This week it was fairly easy for me to find an art piece that I could connect with. It’s called “SIE” and was painted by Andrew Maverick Corella in the Marilyn Werby Gallery. Unfortunately he was not there on Thrusday so I did not get a chance to talk to him. But I did get a chace to speak with Chase Wolcott who is told me a few important things about Andrew. Before I move on with the artist I’d like to talk about why I was attract to this painting the second I layed eyes on it.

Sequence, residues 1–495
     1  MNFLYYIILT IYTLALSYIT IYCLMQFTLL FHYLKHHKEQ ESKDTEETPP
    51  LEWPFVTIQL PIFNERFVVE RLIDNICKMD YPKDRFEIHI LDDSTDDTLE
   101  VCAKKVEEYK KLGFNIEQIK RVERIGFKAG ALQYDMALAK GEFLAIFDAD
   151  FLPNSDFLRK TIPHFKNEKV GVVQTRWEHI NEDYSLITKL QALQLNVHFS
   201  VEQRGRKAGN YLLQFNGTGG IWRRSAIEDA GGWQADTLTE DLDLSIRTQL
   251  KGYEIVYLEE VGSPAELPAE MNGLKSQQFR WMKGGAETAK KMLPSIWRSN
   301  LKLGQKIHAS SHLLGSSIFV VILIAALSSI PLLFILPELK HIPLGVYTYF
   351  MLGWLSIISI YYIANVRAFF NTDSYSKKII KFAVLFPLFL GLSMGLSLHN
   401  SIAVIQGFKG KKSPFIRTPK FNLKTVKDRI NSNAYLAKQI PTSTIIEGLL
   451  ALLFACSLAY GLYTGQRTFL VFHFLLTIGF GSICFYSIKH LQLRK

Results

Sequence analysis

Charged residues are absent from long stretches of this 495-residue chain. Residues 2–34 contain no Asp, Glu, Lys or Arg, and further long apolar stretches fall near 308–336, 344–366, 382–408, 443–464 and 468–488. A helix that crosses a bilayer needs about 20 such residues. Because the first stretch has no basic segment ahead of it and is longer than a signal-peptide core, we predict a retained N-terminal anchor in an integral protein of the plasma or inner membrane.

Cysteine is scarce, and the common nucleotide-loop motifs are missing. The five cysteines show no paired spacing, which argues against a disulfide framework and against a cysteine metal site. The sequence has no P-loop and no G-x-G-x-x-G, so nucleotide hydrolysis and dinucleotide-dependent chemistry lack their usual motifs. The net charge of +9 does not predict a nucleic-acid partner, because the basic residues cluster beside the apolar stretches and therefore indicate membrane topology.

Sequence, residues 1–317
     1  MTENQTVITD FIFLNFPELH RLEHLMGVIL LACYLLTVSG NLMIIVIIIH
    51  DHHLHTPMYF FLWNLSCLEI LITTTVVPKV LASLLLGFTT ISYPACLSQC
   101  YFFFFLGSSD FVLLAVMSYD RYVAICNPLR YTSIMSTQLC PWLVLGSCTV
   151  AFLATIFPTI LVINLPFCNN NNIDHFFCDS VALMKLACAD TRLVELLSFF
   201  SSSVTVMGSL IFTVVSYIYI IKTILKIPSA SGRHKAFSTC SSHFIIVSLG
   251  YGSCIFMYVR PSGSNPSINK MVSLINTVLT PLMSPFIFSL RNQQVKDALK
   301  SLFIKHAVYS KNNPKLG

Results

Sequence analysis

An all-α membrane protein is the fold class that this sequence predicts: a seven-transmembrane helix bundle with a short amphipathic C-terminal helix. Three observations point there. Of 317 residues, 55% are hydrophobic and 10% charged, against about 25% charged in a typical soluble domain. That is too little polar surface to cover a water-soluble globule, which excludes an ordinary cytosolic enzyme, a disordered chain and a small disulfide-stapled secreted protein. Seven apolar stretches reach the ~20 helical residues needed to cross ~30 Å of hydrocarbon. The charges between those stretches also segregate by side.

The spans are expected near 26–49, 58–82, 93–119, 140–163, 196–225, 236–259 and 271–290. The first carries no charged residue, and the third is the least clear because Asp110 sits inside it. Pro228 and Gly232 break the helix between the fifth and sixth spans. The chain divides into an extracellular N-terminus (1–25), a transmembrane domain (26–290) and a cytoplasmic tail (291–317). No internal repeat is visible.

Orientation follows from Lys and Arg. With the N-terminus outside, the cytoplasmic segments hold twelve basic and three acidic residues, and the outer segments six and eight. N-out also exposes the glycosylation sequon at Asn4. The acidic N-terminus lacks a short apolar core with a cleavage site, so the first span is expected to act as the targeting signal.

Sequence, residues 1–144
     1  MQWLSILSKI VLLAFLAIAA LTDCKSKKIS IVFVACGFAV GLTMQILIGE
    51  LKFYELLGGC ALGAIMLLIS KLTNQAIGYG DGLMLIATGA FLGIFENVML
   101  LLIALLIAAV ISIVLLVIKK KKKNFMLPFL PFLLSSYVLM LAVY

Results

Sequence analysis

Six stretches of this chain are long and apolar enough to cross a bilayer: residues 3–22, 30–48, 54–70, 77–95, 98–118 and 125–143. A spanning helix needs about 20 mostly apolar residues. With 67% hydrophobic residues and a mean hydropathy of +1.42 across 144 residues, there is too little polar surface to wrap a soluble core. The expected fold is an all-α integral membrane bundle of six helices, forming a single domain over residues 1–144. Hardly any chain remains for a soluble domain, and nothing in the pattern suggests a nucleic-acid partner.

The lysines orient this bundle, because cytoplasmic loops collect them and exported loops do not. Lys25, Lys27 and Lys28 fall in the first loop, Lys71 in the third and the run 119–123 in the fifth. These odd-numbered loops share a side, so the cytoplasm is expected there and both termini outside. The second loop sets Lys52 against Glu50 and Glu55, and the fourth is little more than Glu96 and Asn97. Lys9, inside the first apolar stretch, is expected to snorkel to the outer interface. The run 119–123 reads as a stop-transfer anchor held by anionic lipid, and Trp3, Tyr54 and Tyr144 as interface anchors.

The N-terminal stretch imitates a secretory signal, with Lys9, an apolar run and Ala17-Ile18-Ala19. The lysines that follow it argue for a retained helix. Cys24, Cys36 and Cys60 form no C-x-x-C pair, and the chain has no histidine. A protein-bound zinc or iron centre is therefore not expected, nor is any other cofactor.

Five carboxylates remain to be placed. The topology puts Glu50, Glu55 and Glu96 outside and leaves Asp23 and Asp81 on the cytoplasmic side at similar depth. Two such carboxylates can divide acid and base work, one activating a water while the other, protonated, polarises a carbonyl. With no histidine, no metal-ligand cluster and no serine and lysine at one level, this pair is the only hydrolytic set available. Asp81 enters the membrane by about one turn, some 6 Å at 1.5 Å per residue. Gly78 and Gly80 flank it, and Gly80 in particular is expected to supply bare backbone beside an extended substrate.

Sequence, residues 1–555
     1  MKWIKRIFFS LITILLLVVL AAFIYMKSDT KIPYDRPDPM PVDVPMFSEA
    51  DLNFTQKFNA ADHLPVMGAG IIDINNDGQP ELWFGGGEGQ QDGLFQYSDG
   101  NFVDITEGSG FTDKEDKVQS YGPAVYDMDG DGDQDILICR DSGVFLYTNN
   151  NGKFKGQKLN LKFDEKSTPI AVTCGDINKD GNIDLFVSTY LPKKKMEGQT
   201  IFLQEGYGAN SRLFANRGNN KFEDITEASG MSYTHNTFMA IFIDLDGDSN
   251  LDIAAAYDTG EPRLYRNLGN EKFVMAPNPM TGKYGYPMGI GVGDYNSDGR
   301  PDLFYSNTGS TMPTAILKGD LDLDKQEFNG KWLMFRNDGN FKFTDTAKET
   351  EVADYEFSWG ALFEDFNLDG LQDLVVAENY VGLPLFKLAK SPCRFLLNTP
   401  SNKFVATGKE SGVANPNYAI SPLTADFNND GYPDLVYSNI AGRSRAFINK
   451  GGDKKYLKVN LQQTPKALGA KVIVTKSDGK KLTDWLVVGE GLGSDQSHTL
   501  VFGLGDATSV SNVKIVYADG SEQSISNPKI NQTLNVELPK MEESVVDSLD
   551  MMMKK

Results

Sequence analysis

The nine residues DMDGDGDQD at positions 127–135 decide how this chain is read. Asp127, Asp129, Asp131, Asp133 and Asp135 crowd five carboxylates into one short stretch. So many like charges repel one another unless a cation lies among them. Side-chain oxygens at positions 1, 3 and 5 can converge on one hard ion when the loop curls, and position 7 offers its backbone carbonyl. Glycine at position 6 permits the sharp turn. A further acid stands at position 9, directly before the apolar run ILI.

When I see this painting I see a troubled youth representing his creativity in a manner he knows best, through graffiti art. Like most kids he knows what he’s doing is illegal yet he commits his crime anyway. This reminds me much of myself and many of my other peers in high school. Although we know what is best, we still decide to “rebel” against the rules and do things that will land us in trouble with authority. But I believe that this rebellion state of mind comes with the youth and as we mature there are other legal ways we find to represent what we believe in. That being said I asked Chase about how Andrew might have been inspired to paint this picture. So Chase tells me that, like most graffiti artist, Andrew came up from the “ghetto” streets. He had his “black book” in which he would practiced most of his art. A “black book” is what a tagger might calls his book full of graffiti. Usually the artist starts off doing some work in the book and then it is passed around to other friends who know how to graffiti well. At the end this “black book” is filled with some of the best taggers in the city. But like most people, as Andrew got older, he was in search of a job. Ironically enough the only job he was offered was a position as a security guard. In the end Adrew was able to portrai his experience on both sides of the law. Overall I was most attracted to this piece because of Adrews ambition to show that a graffiti artist is not just a gangste but can also be in the other side of the law.